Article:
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How to identify trees with dark red leaves

Updated February 21, 2017

Deciduous tree leaves turn red in autumn because the parent tree doesn't produce enough chlorophyll to keep them green. This condition causes pigments called anthocyanins to change the colour of the leaves from green to autumn foliage colours. The shade of red varies, depending on the type of tree. Dark red leaves range from burgundy to shades that border on purple. But they all have one thing in common -- they add striking beauty and interest to the autumn landscape. Adding trees that turn dark red to your yard will give you a beautiful showpiece in the autumn. Study the leaves' characteristics to determine what kind of tree drops which leaves.

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  1. Look for the leaves of a red leaf plum tree. The small, scalloped-edged leaves are pinkish-red in the spring and turn to a purplish-red colour in autumn. Another distinguishing feature of the tree is its pale pink or white blooms in the spring.

  2. You can identify the red-leafed Japanese maple by its sharp, pointy leaves with seven lobes on the tips. The Acer palmatum atropurpureum is a midsized ornamental shade tree. The foliage turns from a dark burgundy in springtime to crimson in autumn.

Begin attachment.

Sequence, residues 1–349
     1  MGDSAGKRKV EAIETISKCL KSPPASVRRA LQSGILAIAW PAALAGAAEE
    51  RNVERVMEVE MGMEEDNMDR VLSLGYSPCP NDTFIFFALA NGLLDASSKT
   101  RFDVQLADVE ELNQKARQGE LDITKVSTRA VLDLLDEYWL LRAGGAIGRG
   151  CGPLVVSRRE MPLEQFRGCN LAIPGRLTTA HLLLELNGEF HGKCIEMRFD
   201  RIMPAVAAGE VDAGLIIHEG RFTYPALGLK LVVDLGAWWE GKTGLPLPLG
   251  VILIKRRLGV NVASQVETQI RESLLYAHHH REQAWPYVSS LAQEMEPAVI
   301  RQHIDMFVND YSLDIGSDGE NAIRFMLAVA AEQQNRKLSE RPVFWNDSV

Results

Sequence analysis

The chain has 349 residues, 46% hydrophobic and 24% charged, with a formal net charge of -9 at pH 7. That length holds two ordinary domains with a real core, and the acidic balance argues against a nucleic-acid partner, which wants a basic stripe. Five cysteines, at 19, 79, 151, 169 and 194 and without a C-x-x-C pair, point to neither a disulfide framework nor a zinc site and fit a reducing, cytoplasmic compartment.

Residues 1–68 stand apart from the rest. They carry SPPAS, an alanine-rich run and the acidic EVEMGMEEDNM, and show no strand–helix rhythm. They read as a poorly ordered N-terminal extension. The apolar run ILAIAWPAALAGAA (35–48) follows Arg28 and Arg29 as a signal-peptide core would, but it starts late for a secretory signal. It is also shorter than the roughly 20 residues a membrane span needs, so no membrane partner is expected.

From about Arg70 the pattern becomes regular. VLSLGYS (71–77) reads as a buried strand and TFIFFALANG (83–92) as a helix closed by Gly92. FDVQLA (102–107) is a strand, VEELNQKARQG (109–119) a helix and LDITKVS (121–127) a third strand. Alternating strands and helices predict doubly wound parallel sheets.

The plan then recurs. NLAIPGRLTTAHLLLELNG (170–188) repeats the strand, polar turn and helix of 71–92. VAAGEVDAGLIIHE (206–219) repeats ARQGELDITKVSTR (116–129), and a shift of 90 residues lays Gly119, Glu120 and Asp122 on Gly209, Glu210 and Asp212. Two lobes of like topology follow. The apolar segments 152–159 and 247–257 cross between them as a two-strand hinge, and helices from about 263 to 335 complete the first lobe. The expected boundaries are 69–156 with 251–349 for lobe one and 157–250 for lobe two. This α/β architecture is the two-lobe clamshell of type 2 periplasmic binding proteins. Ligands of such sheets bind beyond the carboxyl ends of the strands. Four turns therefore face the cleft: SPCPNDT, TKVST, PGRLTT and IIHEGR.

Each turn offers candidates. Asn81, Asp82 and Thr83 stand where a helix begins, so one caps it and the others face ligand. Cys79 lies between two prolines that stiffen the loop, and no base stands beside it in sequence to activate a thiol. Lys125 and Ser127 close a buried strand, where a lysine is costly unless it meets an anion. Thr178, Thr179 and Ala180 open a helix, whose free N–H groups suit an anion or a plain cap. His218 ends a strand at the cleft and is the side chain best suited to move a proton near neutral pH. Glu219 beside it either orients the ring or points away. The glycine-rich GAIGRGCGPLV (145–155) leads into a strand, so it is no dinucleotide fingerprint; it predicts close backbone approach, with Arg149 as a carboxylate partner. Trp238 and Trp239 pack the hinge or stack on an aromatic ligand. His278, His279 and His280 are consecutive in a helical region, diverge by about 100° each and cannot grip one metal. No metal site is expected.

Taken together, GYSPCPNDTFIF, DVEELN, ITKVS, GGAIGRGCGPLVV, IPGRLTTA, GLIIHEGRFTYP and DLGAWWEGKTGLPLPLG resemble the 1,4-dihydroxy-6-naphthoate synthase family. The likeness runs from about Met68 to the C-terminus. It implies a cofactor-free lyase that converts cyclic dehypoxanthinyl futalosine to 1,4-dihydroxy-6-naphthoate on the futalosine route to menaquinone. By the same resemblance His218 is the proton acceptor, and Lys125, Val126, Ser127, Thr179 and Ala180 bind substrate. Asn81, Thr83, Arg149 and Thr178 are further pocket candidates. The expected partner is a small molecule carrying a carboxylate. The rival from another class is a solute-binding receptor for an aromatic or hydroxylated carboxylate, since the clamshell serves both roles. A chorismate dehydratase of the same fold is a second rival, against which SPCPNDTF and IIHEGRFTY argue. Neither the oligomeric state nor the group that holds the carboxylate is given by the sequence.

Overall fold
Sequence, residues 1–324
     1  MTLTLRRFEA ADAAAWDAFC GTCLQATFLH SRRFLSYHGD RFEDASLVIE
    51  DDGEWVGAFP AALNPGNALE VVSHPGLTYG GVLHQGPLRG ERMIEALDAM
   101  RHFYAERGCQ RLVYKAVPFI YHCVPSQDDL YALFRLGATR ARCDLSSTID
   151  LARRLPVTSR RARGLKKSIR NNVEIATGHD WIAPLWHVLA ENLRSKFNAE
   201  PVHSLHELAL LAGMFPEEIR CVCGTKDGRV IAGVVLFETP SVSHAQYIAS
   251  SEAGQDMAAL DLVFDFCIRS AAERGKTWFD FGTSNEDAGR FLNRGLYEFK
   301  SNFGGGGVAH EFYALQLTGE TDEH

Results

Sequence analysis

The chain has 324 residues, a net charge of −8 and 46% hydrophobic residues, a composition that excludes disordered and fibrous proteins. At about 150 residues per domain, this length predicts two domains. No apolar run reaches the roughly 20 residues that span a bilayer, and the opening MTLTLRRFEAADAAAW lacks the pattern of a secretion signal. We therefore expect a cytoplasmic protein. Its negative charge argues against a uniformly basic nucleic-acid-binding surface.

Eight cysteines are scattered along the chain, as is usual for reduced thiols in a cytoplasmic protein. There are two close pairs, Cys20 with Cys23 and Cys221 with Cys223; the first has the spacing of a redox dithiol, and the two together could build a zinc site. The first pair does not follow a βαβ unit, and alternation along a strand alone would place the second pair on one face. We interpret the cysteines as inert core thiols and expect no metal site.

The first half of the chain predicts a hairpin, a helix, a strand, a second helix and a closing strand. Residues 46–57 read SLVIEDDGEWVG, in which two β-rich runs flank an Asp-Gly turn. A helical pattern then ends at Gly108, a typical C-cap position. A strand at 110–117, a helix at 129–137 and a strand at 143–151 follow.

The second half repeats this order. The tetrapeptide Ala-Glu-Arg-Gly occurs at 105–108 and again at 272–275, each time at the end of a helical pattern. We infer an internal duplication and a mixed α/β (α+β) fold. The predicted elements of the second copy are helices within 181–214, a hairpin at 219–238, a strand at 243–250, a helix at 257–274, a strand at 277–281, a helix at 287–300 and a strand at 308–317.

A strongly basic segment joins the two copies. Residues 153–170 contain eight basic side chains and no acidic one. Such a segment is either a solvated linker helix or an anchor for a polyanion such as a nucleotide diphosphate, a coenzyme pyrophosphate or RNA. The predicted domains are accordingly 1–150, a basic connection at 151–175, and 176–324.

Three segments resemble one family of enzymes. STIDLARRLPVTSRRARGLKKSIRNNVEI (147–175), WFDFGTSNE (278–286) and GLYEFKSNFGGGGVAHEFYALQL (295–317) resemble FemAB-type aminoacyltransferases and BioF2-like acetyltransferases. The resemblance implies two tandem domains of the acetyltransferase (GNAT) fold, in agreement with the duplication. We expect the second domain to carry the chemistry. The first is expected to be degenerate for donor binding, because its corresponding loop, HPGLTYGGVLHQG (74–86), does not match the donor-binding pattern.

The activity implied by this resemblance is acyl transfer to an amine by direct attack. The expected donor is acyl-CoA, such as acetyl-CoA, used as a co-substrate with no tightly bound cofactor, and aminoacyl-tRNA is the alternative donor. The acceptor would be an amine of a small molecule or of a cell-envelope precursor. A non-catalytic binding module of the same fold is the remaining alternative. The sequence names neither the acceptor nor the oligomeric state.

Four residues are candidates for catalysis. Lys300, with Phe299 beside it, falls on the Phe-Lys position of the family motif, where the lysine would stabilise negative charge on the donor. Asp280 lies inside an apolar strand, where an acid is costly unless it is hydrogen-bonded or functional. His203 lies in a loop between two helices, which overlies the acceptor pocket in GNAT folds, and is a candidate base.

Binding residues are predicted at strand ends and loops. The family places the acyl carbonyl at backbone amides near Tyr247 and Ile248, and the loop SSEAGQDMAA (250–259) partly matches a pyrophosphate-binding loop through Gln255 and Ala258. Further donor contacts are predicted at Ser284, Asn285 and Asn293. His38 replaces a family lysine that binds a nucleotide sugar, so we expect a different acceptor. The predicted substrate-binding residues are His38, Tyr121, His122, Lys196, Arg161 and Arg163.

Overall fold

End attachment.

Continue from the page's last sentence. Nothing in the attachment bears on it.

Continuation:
3. Pair sharp-toothed red leaves up with crabapples. They are likely from a Wisley Crab cultivar of crabapple tree. The foliage turns from yellow-green to red in autumn. The tree also has rough, scaly bark.

  4. Match triangle-shaped leaves with a red maple (also called swamp maple, water maple or scarlet maple). This distinctive tree reaches heights of 27 m (90 feet), and has long, wide leaves, measuring 5 to 10 cm (2 inches to 4 inches) in both directions.

  5. Identify an Eastern white oak by its purple-red leaves. This tree is also known as fork-leaf oak or ridge white oak. Its leaves measure 10 to 25 cm (4 inches to 10 inches) in length, are thin and somewhat rectangular in shape.

  6. Spot a black gum tree or black tupelo if the leaves turn from a glossy green to a bright red in autumn. The tree also grows distinctive bluish-black fruit and blooms with green flowers in spring.

  7. Tip

    Take a picture of the leaf to show an expert. Zoom in on the features like veins, edges and stem. Bring the photo to someone with the local cooperative extension or university office. You can also look for guidance at a tree nursery.

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Things You'll Need

  • Camera

About the Author

Kelly Shetsky

Based in New York State, Kelly Shetsky started writing in 1999. She is a broadcast journalist-turned Director of Marketing and Public Relations and has experience researching, writing, producing and reporting. She writes for several websites, specializing in gardening, medical, health and fitness, entertainment and travel. Shetsky has a Bachelor of Arts in communications from Marist College.

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